Bodybuilding Researchers Uncover a Baffling Paradox in Men Who Use Steroids

"Yet this does not stop them taking them.”

Unsplash / Damir Spanic

In the United States alone, between 3 to 4 million people use anabolic-androgenic steroids to increase their muscle mass. Worldwide, steroid users make up 3.3 percent of the global population. They are banned by professional athletics organizations, and scientists have warned of their health effects, but the quest to become shockingly swole continues. As new research shows, steroid users are actually very well aware of the consequences.

On Sunday, at the European Congress of Endocrinology, a team of Russian scientists will present “The Price of a Beautiful Body” — a summary of their research on the use of anabolic-androgenic steroids. These steroids are synthetic variations of the male sex hormone testosterone. Sometimes they are prescribed by healthcare providers to treat hormonal issues and disease that cause muscle loss. However, these drugs are also misused by athletes and bodybuilders looking to boost performance and change their appearance. “Anabolic” refers to muscle building, while “androgenic” refers to increased male characteristics.

When the researchers from the Pavlov First Saint Petersburg State Medical University passed out an anonymous survey to 550 men who regularly attend the gym, they found that within this group, 30.4 percent said they used steroids. And more importantly, 70.2 percent of this group knew about the negative side effects linked to the steroids.

“These findings were surprising,” first author Dr. Mykola Lykhonosov explains. “Not only was the prevalence of steroid abuse high, [but] knowledge of the damaging side effects was also high, yet this does not stop them taking them.”

In the study, bodybuilders knew the risks of steroids, but still used them.

Unsplash / Jonathan Borba

The list of damaging side effects runs long. Misuse of the steroids could lead to negative mental effects like paranoia, extreme irritability, and mania. There’s also evidence that steroid misuse has physical health consequences including, but not limited to reduced sperm count, erectile dysfunction, baldness, breast development, and an increased risk of heart disease, stroke, and liver or kidney failure.

According to the United States National Institute on Drug Abuse, there’s still much to be learned about how these drugs affect the body. Most data on their long-term effects comes from case reports, meaning that the adverse effects listed could actually be underreported. In the US, it’s difficult to measure steroid misuse because national surveys don’t measure it. But it’s been established that when people misuse them — either by taking them orally, injecting them into muscles, or applying them as a gel — the dose is ten to 100 times higher than the doses prescribed to treat medical conditions.

The silver lining of this study is that 54.8 percent of the respondents who used steroids indicated that they still wanted to receive more expert information on the drugs. The main source of information they received on steroids, 48.7 percent reported, was the internet.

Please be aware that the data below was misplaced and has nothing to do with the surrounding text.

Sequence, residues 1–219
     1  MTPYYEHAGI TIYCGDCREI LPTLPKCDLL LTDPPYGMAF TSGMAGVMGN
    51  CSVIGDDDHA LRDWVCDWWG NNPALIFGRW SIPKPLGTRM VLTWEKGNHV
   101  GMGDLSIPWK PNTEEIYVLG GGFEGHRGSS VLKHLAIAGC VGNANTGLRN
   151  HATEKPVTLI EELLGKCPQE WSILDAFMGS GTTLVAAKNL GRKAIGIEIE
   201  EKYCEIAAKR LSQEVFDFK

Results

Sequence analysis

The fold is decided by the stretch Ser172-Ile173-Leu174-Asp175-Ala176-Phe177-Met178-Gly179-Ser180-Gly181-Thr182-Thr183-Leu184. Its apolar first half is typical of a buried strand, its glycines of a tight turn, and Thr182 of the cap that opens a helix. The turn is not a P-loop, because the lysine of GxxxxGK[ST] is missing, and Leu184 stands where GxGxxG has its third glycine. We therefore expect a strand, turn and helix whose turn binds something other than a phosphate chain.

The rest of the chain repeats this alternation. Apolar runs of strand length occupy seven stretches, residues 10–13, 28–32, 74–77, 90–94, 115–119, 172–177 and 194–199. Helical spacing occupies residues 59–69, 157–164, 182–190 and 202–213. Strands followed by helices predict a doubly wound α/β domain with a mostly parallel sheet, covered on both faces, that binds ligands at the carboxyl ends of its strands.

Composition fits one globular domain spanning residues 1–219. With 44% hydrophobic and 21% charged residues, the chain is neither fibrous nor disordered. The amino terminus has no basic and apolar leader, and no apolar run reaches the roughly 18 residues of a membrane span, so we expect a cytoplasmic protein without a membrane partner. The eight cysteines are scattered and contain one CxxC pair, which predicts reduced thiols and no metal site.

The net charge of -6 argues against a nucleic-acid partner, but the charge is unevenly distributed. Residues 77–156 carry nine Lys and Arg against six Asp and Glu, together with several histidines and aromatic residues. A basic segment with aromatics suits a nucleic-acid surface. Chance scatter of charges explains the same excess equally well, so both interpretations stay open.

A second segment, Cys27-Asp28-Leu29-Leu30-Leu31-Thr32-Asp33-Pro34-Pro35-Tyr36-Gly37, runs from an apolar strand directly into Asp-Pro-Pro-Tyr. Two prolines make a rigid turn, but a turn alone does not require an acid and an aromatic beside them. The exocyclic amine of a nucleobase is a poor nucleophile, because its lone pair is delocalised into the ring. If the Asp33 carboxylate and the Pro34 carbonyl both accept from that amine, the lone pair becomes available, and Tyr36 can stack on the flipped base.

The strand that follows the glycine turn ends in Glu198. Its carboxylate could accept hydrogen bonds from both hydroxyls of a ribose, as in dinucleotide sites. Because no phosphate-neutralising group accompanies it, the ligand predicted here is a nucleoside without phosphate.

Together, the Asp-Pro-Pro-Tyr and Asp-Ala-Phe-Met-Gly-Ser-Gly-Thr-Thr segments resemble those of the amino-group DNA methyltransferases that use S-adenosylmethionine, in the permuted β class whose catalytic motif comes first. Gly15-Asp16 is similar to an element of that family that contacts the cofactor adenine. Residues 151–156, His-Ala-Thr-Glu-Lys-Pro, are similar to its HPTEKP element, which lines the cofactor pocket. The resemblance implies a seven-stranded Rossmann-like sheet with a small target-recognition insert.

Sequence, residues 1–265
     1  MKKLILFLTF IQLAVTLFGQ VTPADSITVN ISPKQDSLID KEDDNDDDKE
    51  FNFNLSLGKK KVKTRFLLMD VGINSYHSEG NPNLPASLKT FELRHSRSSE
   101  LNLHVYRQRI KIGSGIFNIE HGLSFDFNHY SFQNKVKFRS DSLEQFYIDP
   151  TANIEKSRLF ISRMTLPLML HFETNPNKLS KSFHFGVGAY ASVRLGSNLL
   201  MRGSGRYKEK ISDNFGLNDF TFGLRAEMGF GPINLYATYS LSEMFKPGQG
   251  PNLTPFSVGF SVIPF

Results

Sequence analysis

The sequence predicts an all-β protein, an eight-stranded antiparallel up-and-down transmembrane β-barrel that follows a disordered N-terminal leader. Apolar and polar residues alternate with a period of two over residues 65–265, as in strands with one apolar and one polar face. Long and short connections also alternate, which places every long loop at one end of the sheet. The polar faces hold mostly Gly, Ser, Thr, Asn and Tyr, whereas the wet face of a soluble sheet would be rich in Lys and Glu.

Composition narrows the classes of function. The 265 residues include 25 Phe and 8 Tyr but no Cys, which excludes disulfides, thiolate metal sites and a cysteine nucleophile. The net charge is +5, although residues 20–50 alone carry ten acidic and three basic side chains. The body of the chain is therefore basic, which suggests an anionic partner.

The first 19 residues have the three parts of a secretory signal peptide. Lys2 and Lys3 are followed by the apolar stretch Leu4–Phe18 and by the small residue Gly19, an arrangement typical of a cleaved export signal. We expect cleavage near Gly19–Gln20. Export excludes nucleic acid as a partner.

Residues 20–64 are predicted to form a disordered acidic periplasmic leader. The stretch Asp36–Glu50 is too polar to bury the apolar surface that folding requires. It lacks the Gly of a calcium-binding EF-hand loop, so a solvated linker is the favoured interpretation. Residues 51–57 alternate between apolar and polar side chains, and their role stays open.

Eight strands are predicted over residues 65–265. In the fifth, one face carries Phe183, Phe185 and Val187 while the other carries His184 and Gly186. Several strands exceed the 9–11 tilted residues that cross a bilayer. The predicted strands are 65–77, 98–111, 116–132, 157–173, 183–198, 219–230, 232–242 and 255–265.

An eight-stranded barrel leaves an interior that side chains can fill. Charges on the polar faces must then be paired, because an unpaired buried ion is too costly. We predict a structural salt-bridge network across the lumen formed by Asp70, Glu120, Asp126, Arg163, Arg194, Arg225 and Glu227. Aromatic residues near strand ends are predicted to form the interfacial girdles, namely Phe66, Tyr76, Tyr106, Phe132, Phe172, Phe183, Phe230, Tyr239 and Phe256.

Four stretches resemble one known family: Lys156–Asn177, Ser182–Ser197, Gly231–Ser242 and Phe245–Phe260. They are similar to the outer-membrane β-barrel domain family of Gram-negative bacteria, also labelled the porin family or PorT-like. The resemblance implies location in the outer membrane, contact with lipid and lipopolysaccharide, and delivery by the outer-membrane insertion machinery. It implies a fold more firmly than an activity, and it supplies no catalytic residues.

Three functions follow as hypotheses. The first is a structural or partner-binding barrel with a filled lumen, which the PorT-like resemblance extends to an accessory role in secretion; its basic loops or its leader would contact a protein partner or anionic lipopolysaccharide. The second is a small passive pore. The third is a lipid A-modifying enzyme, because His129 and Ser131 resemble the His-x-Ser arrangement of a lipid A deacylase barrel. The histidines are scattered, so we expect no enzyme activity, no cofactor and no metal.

Lykhonosov and his team argue that scientifically sound information online can still be a “main tool in limiting the use of doping drugs” — even if it might seem like a lost cause. People may know what they do is bad for them, but they are willing to change their mind.

Partial abstract:
Background: The motivation for the use of AAS by men engaged in recreational activities is the improvement of body composition and strength indicators. A deterrent to the use of AAS can be awareness of the side effects of their use, in particular the development of secondary hypogonadism.
Results: 762 questionnaires were provided for the assessment. 550 questionnaires were met the criteria. AAS was used by 30.4% of respondents (n=167). The main consumers of AAS were men aged 22 to 35 years old - 74.3%. The most common drugs were Testosterone propionate (51.5%). The most common dosage of injectable testosterone was 1000 mg per week (23.9%). The use of AAS over 9 months was indicated by 11% (n=19) of men. The main source of information on AAS was indicated by the Internet (48.7%). A negative attitude towards AAS was formed by 17.3% of respondents. 69.3% (n=381) of respondents gave a positive answer to the question about awareness about AAS, 30.7% - negative (n=169). Almost all respondents using AAS indicated that they have information on AAS - 96.4% (n=161). In the group of non-AAS users, the majority of respondents are informed about AAS - 57.4% (n=220), 42.6% (n=163) are not informed. Among all respondents to a clarifying question about awareness of side effects and complications of using AAS, an affirmative answer was 73.8% (n=406), negative - 26.2% (n=144). AAS users are more aware of AAS (χ2=82.954, p<0.001) and their side effects (χ2=70,207, p<0.001) compared to non-users. 22% (n=121) of the respondents were not informed with the side effects of steroids. 54.8% respondents expressed desire to receive qualified information about the AAS.
Conclusion: The survey data indicates a high awareness of the side effects of using AAS, which, surprisingly, does not lead to the conscious abandonment of their use by people engaged in recreational activity. However, a significant percentage of those wishing to receive qualified information about the dangers of steroids gives hope that the information can still become the main tool in limiting the use of doping drugs.
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